The TrueNorth system, as it's been dubbed, employs modular chips that act like neurons. By stringing multiple chips together researchers can essentially build an artificial neural network. The version that IBM just debuted contains about 48 million connections -- roughly the same computing capacity as a rat's brain -- over an array of 48 chips.
These systems are designed to run "deep learning" algorithms -- similar to Facebook's new facial recognition feature or Skype's insta-translate function -- but at a fraction of the cost, electrical draw and space needed by conventional data centers. For example, a TrueNorth chip contains 5.4 billion transistors but only uses 70 mw of power. An Intel processor, conversely contains just 1.4 billion transistors and draws between 35 and 140 watts.
In fact, future iterations of the TrueNorth system could (theoretically at least) be shrunk small enough to fit inside cell phones or smart watches. These chips also hold an advantage over the GPUs (graphics chips) and FPGAs (function-specific programmable chips) that the industry currently uses because TrueNorth chips operate much the same way that the deep learning algorithms running on them do, Peter Diehl, a PhD student in the cortical computation group at ETH Zurich told Wired. With it, IBM hopes to eventually shift some of the computing power requirements away from traditional data centers and onto end user devices.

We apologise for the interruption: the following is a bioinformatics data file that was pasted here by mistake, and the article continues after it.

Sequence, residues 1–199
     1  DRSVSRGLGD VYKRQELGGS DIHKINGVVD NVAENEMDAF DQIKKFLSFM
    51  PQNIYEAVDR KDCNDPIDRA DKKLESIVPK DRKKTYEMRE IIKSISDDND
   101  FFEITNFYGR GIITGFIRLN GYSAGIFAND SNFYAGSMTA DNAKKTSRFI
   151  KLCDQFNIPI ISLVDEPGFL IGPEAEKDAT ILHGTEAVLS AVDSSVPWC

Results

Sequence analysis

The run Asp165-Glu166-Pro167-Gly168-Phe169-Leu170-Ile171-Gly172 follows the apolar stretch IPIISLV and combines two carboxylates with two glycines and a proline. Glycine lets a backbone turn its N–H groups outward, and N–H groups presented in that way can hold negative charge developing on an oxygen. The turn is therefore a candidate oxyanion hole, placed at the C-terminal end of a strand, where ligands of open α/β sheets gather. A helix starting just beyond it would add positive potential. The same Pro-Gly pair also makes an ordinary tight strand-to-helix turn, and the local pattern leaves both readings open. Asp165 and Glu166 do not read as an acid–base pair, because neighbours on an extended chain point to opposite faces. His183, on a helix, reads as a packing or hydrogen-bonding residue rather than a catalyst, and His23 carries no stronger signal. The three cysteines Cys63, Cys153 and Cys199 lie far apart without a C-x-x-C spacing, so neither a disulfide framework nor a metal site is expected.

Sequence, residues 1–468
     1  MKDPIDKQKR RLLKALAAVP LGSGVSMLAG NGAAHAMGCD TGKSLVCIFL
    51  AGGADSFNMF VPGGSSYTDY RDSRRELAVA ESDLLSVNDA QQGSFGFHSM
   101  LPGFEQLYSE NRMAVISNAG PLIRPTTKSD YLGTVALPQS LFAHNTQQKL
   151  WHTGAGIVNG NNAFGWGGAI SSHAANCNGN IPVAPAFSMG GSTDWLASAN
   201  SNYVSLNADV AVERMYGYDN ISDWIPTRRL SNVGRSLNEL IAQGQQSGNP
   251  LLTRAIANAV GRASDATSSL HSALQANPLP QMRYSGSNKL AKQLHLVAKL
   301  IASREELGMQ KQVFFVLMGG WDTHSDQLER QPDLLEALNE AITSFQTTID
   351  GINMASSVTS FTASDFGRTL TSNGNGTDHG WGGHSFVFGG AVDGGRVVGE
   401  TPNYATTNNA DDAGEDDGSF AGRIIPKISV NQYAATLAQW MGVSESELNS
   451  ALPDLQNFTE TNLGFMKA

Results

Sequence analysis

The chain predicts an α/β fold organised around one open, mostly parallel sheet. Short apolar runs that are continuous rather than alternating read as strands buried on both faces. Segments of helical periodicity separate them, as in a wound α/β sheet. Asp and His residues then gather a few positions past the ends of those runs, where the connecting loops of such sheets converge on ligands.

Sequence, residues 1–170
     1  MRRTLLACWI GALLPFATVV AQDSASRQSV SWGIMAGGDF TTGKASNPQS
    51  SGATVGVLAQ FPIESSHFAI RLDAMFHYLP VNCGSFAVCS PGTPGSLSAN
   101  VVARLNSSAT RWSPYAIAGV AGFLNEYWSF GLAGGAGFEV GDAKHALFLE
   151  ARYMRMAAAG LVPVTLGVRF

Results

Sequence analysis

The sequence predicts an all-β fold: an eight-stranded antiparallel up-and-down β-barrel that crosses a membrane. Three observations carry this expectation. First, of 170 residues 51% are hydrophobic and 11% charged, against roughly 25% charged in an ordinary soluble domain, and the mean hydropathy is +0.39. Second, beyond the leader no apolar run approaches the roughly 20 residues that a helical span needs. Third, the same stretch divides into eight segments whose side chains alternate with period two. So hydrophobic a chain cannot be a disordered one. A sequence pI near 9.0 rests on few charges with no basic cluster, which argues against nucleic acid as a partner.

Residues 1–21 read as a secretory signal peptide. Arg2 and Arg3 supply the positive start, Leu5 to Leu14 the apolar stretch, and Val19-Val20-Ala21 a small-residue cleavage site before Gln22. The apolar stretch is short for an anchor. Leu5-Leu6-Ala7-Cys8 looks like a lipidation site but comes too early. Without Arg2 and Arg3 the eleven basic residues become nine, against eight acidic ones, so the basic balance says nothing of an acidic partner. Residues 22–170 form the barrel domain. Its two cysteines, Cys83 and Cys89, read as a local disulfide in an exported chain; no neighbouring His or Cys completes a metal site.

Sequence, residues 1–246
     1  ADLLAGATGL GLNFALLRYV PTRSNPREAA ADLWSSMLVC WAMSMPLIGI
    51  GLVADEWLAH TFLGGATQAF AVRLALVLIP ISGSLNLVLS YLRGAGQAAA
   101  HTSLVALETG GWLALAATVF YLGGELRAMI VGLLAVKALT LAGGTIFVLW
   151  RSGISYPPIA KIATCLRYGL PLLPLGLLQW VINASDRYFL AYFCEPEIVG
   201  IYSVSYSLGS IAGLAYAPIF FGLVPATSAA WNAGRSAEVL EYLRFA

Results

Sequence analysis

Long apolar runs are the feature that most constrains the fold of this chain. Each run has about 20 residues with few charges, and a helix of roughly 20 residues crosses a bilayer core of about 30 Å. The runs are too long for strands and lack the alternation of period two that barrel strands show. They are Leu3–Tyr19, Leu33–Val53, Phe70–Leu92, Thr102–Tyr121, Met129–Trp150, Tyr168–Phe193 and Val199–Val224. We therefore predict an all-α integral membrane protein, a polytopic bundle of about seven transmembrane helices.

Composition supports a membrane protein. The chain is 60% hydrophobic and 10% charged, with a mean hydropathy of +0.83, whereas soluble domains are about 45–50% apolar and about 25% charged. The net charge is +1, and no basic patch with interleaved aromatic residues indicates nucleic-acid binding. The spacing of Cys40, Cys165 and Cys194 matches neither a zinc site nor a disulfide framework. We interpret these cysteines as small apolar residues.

This should speed up the computing process since data isn't being sent back and forth over the network. Instead, companies could simply develop a deep learning model (say, to count the number of cars in a photo), upload it to a central data server and then have the model run on the user's TrueNorth-enabled device. The system would be able to spot every car in the user's image gallery without having to upload each photo to the remote server for processing. Unfortunately, the system is still in its infancy and years away from your phone.
[Image Credit: IBM]